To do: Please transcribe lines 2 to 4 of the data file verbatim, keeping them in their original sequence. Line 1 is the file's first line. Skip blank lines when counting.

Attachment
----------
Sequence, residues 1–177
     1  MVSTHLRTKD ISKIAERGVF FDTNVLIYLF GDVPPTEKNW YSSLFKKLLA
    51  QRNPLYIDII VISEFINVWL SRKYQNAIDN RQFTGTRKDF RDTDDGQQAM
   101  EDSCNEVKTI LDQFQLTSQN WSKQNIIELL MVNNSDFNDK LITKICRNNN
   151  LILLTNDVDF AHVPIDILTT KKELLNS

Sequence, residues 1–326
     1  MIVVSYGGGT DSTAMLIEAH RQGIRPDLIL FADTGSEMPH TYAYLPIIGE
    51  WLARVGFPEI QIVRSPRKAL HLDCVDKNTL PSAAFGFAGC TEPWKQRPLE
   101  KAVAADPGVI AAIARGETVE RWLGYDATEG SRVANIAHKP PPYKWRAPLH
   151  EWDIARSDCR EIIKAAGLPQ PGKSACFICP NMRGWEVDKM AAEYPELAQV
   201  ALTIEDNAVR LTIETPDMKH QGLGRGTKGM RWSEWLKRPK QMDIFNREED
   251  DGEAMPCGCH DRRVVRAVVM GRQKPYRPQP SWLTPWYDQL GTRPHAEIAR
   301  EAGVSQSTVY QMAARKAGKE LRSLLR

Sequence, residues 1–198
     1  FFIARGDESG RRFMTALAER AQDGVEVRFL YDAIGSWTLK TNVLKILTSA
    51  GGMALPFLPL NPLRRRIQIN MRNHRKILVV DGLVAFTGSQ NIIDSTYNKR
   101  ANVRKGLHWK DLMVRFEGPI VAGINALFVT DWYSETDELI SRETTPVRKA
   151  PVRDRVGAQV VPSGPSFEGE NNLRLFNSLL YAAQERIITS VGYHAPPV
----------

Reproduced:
     1  MVSTHLRTKD ISKIAERGVF FDTNVLIYLF GDVPPTEKNW YSSLFKKLLA
    51  QRNPLYIDII VISEFINVWL SRKYQNAIDN RQFTGTRKDF RDTDDGQQAM
   101  EDSCNEVKTI LDQFQLTSQN WSKQNIIELL MVNNSDFNDK LITKICRNNN